Old Drum Animal Shelter Reopens Under New Ownership

The+Shelter%2C+W.A.R%2C+and+multiple++community+members+stand+together+to+cut+the+ribbon.+%E2%80%9C+This+turnout+has+been+awesome%2C+I+didn%E2%80%99t+expect+this+many+people+and+you+know+it%E2%80%99s+just+getting+started%2C%22+W.A.R.+President+Mason+Wirsig+said.++Photo+By+Skye+Melcher+%0A

Photo by Skye Melcher

The Shelter, W.A.R, and multiple community members stand together to cut the ribbon. “ This turnout has been awesome, I didn’t expect this many people and you know it’s just getting started,” W.A.R. President Mason Wirsig said. Photo By Skye Melcher

Written by Skye Melcher

  With the passing of Proposition A during the local April 6 elections, the Old Drum Animal Shelter will be receiving funding to stay open generated by sales tax. On March 10, the shelter hosted a grand reopening to signify the transition of responsibilities to the Warrensburg Animal Rescue nonprofit instead of the city of Warrensburg. 

Proposition A signs were placed around the city of Warrensburg. (Photo by Bethany Spitzmiller)

  August 2020, the Warrensburg City Council proposed budget cuts that included the elimination of shelter services, and in September that year, it was decided that the city would only fund the shelter until the end of the year in hopes that someone would come forward to help fund the shelter in the new year.

  Less than four months after the vote to defund, W.A.R. and the Old Drum Animal Shelter partnered to raise over $100,000 to keep the shelter open after 2020.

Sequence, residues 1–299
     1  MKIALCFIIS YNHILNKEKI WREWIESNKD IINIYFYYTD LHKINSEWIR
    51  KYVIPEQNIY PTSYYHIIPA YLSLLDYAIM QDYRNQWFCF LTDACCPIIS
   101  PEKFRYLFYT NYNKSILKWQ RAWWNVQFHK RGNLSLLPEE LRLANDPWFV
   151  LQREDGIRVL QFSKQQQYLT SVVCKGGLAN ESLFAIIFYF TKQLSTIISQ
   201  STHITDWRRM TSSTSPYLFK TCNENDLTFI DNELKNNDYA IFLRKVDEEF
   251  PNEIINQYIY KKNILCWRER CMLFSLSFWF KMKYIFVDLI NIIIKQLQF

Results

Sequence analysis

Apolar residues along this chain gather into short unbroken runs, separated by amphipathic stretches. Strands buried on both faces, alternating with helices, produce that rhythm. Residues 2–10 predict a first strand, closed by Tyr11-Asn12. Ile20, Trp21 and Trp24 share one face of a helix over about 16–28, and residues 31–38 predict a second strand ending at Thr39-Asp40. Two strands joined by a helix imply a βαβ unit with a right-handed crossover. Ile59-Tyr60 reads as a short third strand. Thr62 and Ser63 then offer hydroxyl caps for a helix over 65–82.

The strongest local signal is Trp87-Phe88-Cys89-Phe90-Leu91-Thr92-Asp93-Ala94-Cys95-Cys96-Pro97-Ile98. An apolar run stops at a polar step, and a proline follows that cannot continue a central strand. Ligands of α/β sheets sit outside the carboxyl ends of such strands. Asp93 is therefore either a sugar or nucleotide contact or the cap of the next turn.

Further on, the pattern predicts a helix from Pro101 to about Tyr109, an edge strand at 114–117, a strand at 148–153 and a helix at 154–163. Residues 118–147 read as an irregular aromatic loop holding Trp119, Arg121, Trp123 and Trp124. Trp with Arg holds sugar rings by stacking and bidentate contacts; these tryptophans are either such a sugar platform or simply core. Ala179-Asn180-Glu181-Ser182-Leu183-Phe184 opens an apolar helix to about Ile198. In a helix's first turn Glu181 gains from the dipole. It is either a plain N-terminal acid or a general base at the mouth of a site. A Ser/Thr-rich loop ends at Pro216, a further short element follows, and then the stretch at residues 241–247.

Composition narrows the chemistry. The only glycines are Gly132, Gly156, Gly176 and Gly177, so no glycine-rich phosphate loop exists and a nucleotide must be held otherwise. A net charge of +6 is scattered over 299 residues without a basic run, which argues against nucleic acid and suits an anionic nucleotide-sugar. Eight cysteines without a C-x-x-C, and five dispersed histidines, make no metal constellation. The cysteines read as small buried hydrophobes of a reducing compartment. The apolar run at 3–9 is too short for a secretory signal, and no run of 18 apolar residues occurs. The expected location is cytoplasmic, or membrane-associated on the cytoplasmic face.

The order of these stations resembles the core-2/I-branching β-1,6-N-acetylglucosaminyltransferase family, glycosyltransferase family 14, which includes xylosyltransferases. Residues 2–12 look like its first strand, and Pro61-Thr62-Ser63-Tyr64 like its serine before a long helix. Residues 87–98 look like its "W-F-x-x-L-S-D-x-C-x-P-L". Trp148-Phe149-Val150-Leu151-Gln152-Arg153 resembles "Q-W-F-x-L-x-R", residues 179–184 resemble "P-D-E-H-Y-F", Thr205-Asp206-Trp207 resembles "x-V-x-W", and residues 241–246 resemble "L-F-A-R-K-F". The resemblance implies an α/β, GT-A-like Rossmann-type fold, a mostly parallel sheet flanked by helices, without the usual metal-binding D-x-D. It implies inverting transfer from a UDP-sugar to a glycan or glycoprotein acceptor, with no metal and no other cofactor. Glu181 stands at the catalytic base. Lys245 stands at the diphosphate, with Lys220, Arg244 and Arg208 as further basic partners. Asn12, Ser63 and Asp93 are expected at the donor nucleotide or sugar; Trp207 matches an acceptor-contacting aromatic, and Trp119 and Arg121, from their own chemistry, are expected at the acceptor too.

W.A.R. President Mason Wirsig attended the grand reopening along with other members of W.A.R., staff from the shelter and the Chamber of Commerce. 

  “The biggest change is that the nonprofit has kind of taken over things,” Wirsig said. “The city is no longer directly involved as far as oversight and responsibilities. Kayla is still here. She is still in charge, and this is still her rodeo. Overall, things are pretty similar, but the hands have changed a little bit.”

  Before the ribbon cutting, Shelter Manager Kayla Frank spoke to the attendees about the difficulties they had gone through, from COVID-19 shutdown regulations to the defunding. 

  “I know in years past this wasn’t a place that people were really drawn to,” Frank said.  

  Frank made sure to tell the crowd how appreciative she was of everyone coming to the event and to those who helped keep the shelter open through donations and volunteering their time.

  “It’s great to see all you here to see all the hard work,” Frank said as she looked out into the crowd while holding a yet-to-be-named puppy.

  Along with Wirsig and Frank, Warrensburg City Mayor Bryan Jacobs attended the event with his dog. He spoke to the crowd about the upcoming election day on April 6 for Johnson County..

  The estimated revenue from the one-eighth of one percent sales tax proposed by Proposition A is intended to provide funding to the general revenue of the county, which includes operations and maintenance of an animal shelter. The funding generated will total about $625,000-$700,000 per year, until the end of 2026.